The problem of the emperor's relationship with the Church, and specifically with patriarchs and other senior churchmen, has long been studied by scholars. But the problem is usually formulated in terms of political theory or institutions. The pronouncements of treatises on the emperor's rights and duties, Church canons, law-collections and individual decrees of emperors are compared and attempts have been made to reconcile contradictions and determine an underlying consensus. And precision has been sought as to how far the emperor could intervene in matters of Church discipline, or flout Church rules in his personal conduct or public policy. Dagron has little time for these essays in taxonomy, and through sharp-sighted surveys of particular episodes of usurpation or disputed successions to emperorship, he demonstrates the uncertainties and the range of options attendant upon most changes at the top. The dynastic principle was promoted, understandably enough, by those who stood to benefit from inherited power, and the notion that those "born to the purple" (porphyrogeniti) had been anointed from On High at the instant of being conceived in an empress' womb brought them undeniable mystique. Yet, as Dagron notes (35), the century during which the porphyrogenitus ideology was most elaborately articulated also saw several newcomers installing themselves in the palace and trying to create their own imperial regimes: Romanos I Lekapenos, Nikephoros II Phokas, John I Tzimiskes, not to mention multiple military rebellions against Basil II Porphyrogenitus. The notion of the mystical unction of infants born to those already seised of imperial majesty implies that lineage alone may not be enough, but that successful conception in "the purple" is itself a sign of divine approval. Such approval could, however, be claimed through radically alternative means, the successful marshalling of an army, the rallying of the "senate and people" behind the new leader, and their joint acclamations of him as the new emperor by God's will. An assortment of ceremonies, prayers and slogans were available to those ambitious and well-positioned enough to try and demonstrate that true basileia--a term meaning both imperial majesty and empire--was rightfully theirs. This theory of providential or "meritocratic" kingship was invoked by, for example, the Life of Basil I, in justification of Basil's ousting and murder of his patron and co-emperor, Michael III. The Life was composed under the aegis of one of the most emphatic exponents of the sacrality of the purple-born, Constantine VII. Thus, Byzantium's political culture contained the ceremonial props for dynastic continuity, brutal disruption and speedy and almost unconditional legitimization of the regime of the usurper who managed to gain control of Constantinople and at least some of its main interest-groups and symbolic spaces. Byzantine statesmen would have seen the sense of Sir John Harington's verses, even if they could not bring themselves to applaud: "Treason doth never prosper; what's the reason? For if it prosper, none dare call it treason."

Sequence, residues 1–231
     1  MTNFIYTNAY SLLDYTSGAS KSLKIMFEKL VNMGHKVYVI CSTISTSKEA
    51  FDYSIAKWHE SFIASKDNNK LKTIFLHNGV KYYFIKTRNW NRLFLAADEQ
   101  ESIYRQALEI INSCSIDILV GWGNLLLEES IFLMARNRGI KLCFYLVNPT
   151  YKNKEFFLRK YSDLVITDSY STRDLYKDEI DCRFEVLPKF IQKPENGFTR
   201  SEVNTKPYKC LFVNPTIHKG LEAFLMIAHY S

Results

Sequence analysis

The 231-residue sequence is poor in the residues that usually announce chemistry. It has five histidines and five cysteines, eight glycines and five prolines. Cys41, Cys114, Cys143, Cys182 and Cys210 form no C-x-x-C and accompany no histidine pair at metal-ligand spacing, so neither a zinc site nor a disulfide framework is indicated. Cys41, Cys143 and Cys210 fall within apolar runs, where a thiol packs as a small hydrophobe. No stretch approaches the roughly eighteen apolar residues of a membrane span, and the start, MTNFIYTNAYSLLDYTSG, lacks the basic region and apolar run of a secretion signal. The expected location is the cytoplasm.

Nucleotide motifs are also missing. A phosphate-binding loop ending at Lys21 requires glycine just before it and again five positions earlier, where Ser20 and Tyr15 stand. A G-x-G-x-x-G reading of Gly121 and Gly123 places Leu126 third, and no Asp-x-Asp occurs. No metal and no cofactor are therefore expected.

Dagron demonstrates clearly the multiple means of legitimization available to early and middle Byzantine emperors. Through a set of case studies, he shows that the act of crowning of an emperor performed by the patriarch was not a defining moment: it did not transform an individual's status irrevocably, elevating him to a higher, priestly or quasi-priestly status. This is connected with the fact that physical unction with oil, Kaisersalbung, was only introduced in Byzantium at a late stage. The first emperor to be simultaneously crowned and anointed with holy chrism or myron may well have been Theodore Laskaris. Significantly, this aspirant to basileia was in acute need of additional props, seeing that a former emperor, Alexios III Angelos, was still on earth. Theodore's government in exile was perched in Nicaea, in the aftermath of the Latins' seizure of the formerly "God-protected city" of Constantinople in 1204.